By Scott Young
When most people think of Pest Control, they think of the “exterminator” who applies big clouds of toxic chemicals. While this image was fairly accurate many years ago, the Pest Control industry has changed dramatically:
1. The 1st major change was through regulation and the banning of the most “toxic” and “harmful” chemical products such as DDT, diazinon and dursban.
2. The 2nd major change was a movement within the industry to the principles of Integrated Pest Management (IPM). There are several key elements to IPM:
> Minimize the use of chemicals through targeted chemical application (focusing on crack and crevices where insects live and breed).
> Focusing regular service on the exterior of structures where most pests originate, which will pro-actively keep them out of the structure and minimize the required use of chemicals inside.
> Utilize non-chemical treatments such as sealing up entry points, placement of monitoring devices such as glue traps, and reducing food and water sources.
3. The latest change is the creation of “effective” green and organic products. The products vary widely. Some are truly “organic” and are made of things like orange peel oil extract while others are more “green” in nature like baits that minimize chemical exposure.
Many pest control companies have created Green pest control programs by utilizing the above changes. Unfortunately, like most industries now utilizing the “green” term for marketing purposes, there is a lot of different “shades of green”. Some programs only utilize Organic pest control products, while others focus more on inspection and treat with chemicals only when necessary.
What is the right “shade of green” for your property? My personal opinion is that good sense should prevail. You should always look for a professional company that practices IPM in all their programs. Then it really depends on your tolerance to pests. If you do not want any pest issues, then a true Organic program is probably not right for you. This does not mean you go back to “clouds” of toxic chemicals. There are many products produced now with chemistries targeting only insects and have little to no effect on mammals (they focus on the exoskeleton of insects). In addition, a professional company can utilize baits and target their treatment with minimum chemical application. Although the programs can vary, below are some basics that they should all include.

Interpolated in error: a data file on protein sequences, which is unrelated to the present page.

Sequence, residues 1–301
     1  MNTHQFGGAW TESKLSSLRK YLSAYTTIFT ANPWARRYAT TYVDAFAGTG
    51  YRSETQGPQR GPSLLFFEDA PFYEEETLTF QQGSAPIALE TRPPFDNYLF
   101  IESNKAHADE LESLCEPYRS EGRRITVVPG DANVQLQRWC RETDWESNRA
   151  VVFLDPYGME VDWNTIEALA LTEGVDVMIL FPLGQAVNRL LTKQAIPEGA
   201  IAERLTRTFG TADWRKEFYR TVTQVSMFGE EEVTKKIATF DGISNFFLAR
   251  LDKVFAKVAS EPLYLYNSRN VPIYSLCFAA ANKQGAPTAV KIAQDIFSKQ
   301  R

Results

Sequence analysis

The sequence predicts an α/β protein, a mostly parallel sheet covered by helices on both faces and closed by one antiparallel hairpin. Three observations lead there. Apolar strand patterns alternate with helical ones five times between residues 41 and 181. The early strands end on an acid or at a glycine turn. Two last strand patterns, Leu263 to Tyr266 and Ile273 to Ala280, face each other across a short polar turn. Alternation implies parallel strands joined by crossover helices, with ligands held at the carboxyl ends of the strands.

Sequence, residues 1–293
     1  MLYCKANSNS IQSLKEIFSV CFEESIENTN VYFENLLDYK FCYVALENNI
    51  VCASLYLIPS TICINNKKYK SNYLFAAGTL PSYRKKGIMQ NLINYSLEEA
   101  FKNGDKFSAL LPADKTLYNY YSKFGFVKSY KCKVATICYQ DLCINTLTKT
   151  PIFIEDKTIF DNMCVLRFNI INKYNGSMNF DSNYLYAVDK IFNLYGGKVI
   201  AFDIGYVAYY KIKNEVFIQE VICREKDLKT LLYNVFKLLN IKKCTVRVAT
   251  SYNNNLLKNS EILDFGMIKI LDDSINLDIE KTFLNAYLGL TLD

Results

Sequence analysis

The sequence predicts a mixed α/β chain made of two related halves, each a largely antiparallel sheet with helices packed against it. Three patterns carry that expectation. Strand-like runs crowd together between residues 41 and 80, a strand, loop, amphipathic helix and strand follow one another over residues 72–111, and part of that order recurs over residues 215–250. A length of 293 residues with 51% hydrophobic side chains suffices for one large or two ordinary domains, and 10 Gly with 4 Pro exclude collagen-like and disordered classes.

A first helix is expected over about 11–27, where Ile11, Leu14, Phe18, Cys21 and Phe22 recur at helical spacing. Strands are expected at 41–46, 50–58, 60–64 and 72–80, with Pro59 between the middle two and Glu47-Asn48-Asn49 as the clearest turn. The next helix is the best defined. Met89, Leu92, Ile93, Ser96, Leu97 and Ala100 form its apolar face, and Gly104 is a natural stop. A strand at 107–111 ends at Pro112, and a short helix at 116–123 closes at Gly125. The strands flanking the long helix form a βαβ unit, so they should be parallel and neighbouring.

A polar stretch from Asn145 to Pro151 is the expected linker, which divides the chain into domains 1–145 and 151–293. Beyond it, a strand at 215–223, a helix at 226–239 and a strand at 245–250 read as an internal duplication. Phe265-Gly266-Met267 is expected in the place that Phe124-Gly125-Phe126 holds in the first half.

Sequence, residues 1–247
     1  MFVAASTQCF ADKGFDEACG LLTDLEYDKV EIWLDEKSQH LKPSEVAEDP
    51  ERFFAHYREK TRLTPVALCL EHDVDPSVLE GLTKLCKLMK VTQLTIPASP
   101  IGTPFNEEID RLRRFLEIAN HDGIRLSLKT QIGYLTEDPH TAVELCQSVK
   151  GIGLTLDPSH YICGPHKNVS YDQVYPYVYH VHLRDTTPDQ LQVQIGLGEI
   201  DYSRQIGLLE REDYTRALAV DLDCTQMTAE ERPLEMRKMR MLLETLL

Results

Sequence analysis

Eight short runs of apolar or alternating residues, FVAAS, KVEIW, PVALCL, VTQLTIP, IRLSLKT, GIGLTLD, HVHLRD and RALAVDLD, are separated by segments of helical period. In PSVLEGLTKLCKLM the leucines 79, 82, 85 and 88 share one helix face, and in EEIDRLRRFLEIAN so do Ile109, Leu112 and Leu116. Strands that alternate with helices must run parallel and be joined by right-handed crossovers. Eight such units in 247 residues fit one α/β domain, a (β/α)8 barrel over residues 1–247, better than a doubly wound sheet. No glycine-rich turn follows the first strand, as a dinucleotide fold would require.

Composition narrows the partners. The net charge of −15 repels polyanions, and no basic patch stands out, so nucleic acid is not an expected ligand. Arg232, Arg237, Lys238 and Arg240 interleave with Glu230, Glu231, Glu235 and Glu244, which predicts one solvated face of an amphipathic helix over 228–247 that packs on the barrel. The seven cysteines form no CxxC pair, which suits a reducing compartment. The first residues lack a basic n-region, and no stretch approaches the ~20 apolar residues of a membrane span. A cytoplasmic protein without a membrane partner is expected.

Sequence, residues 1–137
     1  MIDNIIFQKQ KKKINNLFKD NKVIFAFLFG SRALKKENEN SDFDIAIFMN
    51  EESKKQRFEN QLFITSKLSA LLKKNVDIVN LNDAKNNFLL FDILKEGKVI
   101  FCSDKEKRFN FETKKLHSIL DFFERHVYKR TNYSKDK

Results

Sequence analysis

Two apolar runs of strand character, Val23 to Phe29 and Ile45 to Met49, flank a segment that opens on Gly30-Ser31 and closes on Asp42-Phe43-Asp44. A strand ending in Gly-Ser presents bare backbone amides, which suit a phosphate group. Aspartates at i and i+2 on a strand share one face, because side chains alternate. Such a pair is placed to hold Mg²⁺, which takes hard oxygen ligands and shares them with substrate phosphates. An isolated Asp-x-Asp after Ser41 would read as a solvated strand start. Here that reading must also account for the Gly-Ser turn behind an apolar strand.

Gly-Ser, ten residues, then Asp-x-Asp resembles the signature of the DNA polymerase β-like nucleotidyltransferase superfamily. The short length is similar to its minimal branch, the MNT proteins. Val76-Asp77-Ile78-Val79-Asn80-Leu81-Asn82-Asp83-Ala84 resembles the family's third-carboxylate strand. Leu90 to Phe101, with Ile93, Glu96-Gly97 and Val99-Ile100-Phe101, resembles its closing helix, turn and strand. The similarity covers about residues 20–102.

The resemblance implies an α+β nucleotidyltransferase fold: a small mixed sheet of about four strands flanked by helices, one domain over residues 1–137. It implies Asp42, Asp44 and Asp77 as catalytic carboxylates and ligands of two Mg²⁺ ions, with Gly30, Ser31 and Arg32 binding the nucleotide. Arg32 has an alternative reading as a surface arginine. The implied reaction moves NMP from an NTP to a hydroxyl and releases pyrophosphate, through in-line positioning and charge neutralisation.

A good “green” program should consist of the following:
1. Inspections: Always start with a thorough inspection including monitoring stations to find the source and to learn where to target treatments.
2. Conducive Condition reports: provide information/feedback that describe areas that need to be fixed to reduce potential pest problems such as high moisture around the perimeter of the structure due excessive watering, trash areas that are not clean or overflowing, gaps around windows or doors that insects can enter through.
3. List specific products: the Service Ticket should show specific products that were used. If you have concerns about the toxicity of any of the products, the company can send you the product label or should be able to answer any questions. Some pests (like fire or carpenter ants) can be difficult to control with organic products, so many “green” programs make exceptions for them, but they should still only be used in crack or crevice areas inside.
4. Establishing a partnership: IPM will not work without proper inspection, reporting, and cooperation of the property owner. Conducive conditions must be reported and remedied to minimize the pest pressure which will result in less chemicals used on site.
So ultimately the term “Green Pest Control” is not an oxymoron, but the level of green depends on the program implemented.